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North Korea Suspends Major Trade Link With Japan

As anti-North Korean feeling rises in Japan, Pyongyang has suspended a major trade link with its neighbor. North Korea blames a tough new Japanese policy for the canceled ferry service, and says the policy could have "catastrophic consequences."

The passenger-cargo ship Man Gyong Bong 92 had been scheduled to dock at the Japanese port of Niigata on Monday. But because of a new Japanese policy to subject all North Korean vessels to tough inspections, Pyongyang canceled the trip abruptly.

The ship is a major trade link for the impoverished nation, and is the only direct passenger link to Japan. But, according to North Korean defectors and Japanese security officials, the vessel often engages in illicit trade - smuggling back to Pyongyang billions of dollars and the technology to build weapons of mass destruction.

Those reports, as well as rising public anger over the North's kidnapping of several Japanese in the 1970's and 1980's, prompted Tokyo to require tough new inspections for North Korean ships. Hundreds of customs, shipping and immigration inspectors had been prepared to probe every bit of the Man Gyong Bong.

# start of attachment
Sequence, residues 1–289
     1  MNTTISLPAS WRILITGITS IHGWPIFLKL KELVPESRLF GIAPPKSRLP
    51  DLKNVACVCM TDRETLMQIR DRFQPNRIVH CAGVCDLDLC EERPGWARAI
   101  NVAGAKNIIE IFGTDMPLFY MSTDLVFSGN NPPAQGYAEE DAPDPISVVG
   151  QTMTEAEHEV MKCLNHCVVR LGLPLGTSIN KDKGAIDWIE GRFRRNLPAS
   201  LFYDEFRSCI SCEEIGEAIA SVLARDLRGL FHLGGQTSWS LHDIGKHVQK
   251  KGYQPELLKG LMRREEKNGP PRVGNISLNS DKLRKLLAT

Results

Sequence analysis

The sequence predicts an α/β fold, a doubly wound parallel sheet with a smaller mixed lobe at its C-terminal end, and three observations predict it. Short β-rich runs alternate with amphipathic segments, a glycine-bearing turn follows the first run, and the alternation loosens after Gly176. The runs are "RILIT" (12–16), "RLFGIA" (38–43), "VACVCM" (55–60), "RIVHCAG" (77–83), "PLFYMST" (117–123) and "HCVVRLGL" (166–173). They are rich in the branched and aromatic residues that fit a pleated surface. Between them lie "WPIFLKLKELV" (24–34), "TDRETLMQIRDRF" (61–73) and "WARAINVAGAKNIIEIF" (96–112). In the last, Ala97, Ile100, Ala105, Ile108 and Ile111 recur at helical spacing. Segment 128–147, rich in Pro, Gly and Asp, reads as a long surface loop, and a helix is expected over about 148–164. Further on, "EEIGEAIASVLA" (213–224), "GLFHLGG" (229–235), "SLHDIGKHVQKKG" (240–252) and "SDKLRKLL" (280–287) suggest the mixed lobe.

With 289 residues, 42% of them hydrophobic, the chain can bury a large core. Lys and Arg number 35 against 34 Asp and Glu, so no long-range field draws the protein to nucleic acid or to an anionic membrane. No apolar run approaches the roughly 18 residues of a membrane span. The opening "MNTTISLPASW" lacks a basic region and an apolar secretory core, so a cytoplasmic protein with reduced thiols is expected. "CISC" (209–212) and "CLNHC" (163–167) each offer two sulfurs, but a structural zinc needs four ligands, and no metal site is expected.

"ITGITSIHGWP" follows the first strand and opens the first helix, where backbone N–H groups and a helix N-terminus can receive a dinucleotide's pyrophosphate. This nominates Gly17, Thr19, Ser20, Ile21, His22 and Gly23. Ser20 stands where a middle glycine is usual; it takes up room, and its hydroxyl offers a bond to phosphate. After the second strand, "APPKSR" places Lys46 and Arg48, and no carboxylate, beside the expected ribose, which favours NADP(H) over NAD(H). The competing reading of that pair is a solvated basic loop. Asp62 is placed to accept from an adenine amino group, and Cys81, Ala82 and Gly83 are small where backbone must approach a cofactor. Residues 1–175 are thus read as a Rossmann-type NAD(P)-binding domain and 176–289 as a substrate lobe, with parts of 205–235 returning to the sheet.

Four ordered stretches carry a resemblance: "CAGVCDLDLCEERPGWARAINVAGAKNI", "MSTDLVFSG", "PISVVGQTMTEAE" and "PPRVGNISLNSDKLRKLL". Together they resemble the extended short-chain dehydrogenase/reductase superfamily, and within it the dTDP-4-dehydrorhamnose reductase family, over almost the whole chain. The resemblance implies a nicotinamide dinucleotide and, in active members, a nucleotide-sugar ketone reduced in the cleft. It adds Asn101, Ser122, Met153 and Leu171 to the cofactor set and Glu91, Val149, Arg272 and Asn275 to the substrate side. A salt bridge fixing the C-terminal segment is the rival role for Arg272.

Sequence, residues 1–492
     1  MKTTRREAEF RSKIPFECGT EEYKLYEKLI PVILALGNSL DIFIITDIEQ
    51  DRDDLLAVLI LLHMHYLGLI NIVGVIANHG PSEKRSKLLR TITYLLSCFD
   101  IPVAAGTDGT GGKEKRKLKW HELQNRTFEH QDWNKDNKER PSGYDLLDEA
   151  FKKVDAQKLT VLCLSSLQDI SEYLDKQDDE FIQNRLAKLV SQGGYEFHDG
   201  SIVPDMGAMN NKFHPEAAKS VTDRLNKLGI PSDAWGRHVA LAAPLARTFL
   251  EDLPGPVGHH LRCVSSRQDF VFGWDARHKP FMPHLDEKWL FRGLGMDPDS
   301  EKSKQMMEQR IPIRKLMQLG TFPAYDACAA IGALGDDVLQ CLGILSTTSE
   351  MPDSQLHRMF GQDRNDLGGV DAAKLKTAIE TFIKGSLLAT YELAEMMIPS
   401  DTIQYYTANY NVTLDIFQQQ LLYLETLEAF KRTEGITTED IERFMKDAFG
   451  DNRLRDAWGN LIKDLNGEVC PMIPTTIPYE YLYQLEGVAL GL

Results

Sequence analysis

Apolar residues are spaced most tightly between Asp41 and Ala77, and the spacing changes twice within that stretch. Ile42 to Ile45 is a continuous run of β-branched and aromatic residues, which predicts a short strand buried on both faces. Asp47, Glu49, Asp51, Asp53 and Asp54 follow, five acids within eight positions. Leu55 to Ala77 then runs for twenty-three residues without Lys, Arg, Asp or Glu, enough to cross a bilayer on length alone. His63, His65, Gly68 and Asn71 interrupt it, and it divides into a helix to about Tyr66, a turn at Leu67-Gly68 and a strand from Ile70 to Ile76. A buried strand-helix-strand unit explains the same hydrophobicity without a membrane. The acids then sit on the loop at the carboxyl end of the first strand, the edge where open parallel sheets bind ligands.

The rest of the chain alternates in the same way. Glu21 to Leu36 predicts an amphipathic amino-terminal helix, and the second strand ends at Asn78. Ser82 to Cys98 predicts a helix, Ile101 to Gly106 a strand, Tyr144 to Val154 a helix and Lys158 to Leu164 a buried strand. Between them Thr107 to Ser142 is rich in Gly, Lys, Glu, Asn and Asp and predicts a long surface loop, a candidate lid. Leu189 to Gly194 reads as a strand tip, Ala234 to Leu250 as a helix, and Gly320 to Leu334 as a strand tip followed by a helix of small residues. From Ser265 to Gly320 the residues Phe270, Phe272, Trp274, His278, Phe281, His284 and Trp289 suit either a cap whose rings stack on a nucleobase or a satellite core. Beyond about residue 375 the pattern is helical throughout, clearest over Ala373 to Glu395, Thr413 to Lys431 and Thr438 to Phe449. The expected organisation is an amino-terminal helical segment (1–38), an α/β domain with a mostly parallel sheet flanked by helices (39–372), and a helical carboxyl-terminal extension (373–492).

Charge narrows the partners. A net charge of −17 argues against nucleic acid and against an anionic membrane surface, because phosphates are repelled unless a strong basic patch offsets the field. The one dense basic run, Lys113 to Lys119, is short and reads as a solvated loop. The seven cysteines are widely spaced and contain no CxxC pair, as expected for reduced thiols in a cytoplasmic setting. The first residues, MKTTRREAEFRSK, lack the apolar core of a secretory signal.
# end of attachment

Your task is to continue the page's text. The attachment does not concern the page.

A North Korean residents' group in Japan says the threat of inspections has created a "savage atmosphere." The group also denies the smuggling allegations.

Pyongyang's official news agency says the inspections are "a vicious plot to impair the prestige" of North Korea, which could lead to "catastrophic consequences."

The top Japanese government spokesman, Yasuo Fukuda, on Monday denied that anything was done to bar the ship's arrival. Mr. Fukuda acknowledged that Japanese public sentiment might have made North Korea hesitant to dispatch the vessel. But he said if there are no safety, customs or immigrations problems with the vessel or its cargo and passengers, then Pyongyang has nothing to worry about.

About 800 protesters had gathered at the Niigata port to wait for the ferry's arrival. Relatives of Japanese kidnapped by North Korea were among the protesters. Tamotsu Chimura, the father of one of the abductees, said no North Korean vessels should be allowed to come to Japan. He said he hopes the Japanese government will take a tough stance.

Niigata Governor Ikuo Hirayama said he is relieved the ferry postponed its visit because anger is running high in his prefecture. Governor Hirayama said the Man Gyong Bong should not be allowed to make another port call until the allegations about it smuggling ballistic missile parts out of Japan are clarified.

The Man Gyong Bong was scheduled to make 10 trips to Japan through the end of September. It has not made a visit since January.

The North Korean residents' group says the cargo-passenger ferry will not resume operations until Japan "improves" its policy on the ship.